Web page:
Sarkozy’s big speech gets no love from French press

7 min

Reviews of President Sarkozy’s campaign speech in the French press have been largely scathing. Many editorialists are characterising his address as a deceptive, desperate bid to turn around what looks to be an uphill battle for re-election.


On Sunday, April 16, the two leading French presidential candidates, centre-right incumbent Nicolas Sarkozy and Socialist challenger François Hollande, held dueling campaign rallies in Paris.

But on Monday morning, France’s reporters and editorialists mostly seemed to have one man on their radar: Sarkozy, the politician once frequently praised as dynamic and even transformative, now fighting an uphill battle to stay in office.

The Concorde rally in pictures

Indeed, the French press featured mostly sceptical reviews of Sarkozy’s speech, which he delivered at Paris’s iconic Place de la Concorde.

‘Lyrical and forward-looking’ or ‘nonsensical and inert’?

France’s main left-leaning newspaper, Libération, did not mince its words. “Sarkozy displayed a childishness that suggested his current vulnerability,” the publication known as “Libé” said. “He presented himself as the heir to both Napoleon and De Gaulle, a double posture that captured the essence of his campaign: nonsensical and inert.”

Far-left daily L’Humanité was even more scathing, referring to Sarkozy’s first terms as a period of “destruction” and describing his speech as an instance of “Dr. Jekyll forgetting his Mr. Hyde, a candidate’s words indicating amnesia about a president’s acts”.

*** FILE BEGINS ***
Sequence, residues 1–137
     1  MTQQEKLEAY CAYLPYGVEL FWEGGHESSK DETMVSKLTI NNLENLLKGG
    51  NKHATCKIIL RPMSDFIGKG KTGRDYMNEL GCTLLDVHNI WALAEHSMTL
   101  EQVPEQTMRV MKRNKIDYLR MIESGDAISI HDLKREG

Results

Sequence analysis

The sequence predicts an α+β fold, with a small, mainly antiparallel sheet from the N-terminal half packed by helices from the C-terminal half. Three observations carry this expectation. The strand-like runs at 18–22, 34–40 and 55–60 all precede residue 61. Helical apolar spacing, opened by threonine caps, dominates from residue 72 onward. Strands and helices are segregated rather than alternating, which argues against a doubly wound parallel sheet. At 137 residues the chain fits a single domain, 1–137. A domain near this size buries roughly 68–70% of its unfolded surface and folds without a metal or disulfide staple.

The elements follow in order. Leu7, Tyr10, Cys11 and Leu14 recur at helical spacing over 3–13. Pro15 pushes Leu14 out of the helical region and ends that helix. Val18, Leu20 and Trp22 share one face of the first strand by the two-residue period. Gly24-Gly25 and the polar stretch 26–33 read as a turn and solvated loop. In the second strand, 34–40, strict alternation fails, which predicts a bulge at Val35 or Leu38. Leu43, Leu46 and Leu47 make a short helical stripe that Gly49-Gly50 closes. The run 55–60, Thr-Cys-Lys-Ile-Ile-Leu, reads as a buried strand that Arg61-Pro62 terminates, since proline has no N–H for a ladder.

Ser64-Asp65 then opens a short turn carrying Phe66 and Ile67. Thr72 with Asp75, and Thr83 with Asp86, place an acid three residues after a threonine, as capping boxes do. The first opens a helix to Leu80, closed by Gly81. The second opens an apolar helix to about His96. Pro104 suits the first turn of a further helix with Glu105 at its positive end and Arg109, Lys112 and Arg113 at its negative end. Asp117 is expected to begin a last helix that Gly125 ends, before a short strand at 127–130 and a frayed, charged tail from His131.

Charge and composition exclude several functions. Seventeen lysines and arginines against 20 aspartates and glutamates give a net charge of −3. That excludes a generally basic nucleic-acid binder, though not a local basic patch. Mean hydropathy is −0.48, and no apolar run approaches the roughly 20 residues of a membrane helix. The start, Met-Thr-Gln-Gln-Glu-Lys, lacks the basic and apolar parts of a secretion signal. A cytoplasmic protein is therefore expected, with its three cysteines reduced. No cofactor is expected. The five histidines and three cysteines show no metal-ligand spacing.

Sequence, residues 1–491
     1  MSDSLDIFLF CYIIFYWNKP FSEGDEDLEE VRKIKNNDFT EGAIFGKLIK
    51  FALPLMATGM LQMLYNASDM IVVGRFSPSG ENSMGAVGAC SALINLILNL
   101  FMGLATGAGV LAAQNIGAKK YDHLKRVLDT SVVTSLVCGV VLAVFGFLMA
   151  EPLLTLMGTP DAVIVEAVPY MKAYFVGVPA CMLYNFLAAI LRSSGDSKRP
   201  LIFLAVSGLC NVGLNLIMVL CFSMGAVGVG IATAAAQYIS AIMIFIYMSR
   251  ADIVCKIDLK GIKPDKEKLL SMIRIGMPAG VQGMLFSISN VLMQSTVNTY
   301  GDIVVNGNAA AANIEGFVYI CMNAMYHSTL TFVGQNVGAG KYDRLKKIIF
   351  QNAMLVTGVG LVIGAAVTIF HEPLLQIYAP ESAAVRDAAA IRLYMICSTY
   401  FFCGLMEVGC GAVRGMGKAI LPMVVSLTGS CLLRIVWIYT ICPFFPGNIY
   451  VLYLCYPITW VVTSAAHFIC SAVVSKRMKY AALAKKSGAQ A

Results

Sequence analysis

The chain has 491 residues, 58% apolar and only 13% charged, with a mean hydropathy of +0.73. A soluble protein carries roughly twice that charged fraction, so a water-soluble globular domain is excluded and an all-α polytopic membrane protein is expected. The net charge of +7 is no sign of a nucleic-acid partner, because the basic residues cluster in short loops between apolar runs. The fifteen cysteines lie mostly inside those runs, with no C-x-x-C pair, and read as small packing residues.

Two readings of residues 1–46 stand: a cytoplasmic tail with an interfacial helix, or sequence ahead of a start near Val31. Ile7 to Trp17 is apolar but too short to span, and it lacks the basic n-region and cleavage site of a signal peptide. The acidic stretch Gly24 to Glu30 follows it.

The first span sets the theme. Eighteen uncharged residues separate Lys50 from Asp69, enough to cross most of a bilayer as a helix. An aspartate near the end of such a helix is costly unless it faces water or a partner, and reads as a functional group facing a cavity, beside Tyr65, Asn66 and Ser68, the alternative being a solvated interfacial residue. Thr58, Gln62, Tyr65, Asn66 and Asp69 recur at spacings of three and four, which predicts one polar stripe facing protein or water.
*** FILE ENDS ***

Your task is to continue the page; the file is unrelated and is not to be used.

Right-leaning daily newspaper Le Figaro was a notable exception to the anti-Sarkozy voices, publishing an editorial that characterised the president’s address as “rich, lyrical, and forward-looking”. In a thinly veiled swipe at Hollande, Le Figaro noted that “Unlike his rival, who indulged in anti-Sarkozy rhetoric, [the president] did not once mention the Socialist candidate’s name or mock his policy proposals.”

Losing the ‘image war’

Some of France’s regional press was comparatively measured in their assessment of the president’s performance. Le Telegramme, a daily from the northwestern region of Brittany, deemed Sarkozy’s “objective achieved”.

“In an election that has seen him weakened by the economic crisis and certain behavioural missteps that his opponents have not hesitated to seize upon,” the newspaper read, “the president looked like a survivor, constantly obligated to fight his way back to the surface and avoid being drowned.” As for Hollande, the candidate was better, according to The Telegramme, than Sarkozy at communicating compassion, thanks in part to “his friendly face and hoarse voice”.

Southern newspaper Le Sud-Ouest agreed that Sarkozy “has lost the image war”, noting that after his speech, Sarkozy could be spotted “hastily shaking hands, as if he were in a rush to get out of there”.

Western French daily, Ouest-France, was more severe with the contents of the sitting president’s speech. The publication’s editorial concluded that “instead of daring to tell the truth, all [Sarkozy] gave us was symbolism, carefully selected bits of information, and caricature….as if our future did not depend on this election”.

Northern newspaper Paris-Normandie criticised both of the leading presidential candidates for what the publication described as a day of political grandstanding: “It’s beginning to look like a school yard during recess”, with “two blowhards…going a bit overboard”, an editorial read.

Supporters of socialist challenger Francois Hollande rally in eastern Paris


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